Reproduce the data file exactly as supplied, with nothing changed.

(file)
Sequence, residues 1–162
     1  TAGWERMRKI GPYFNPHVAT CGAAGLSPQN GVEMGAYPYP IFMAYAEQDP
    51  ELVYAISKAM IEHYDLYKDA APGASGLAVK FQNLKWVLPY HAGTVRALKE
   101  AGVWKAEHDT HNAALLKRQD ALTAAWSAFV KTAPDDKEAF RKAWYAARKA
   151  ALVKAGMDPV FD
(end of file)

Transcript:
Sequence, residues 1–162
     1  TAGWERMRKI GPYFNPHVAT CGAAGLSPQN GVEMGAYPYP IFMAYAEQDP
    51  ELVYAISKAM IEHYDLYKDA APGASGLAVK FQNLKWVLPY HAGTVRALKE
   101  AGVWKAEHDT HNAALLKRQD ALTAAWSAFV KTAPDDKEAF RKAWYAARKA
   151  ALVKAGMDPV FD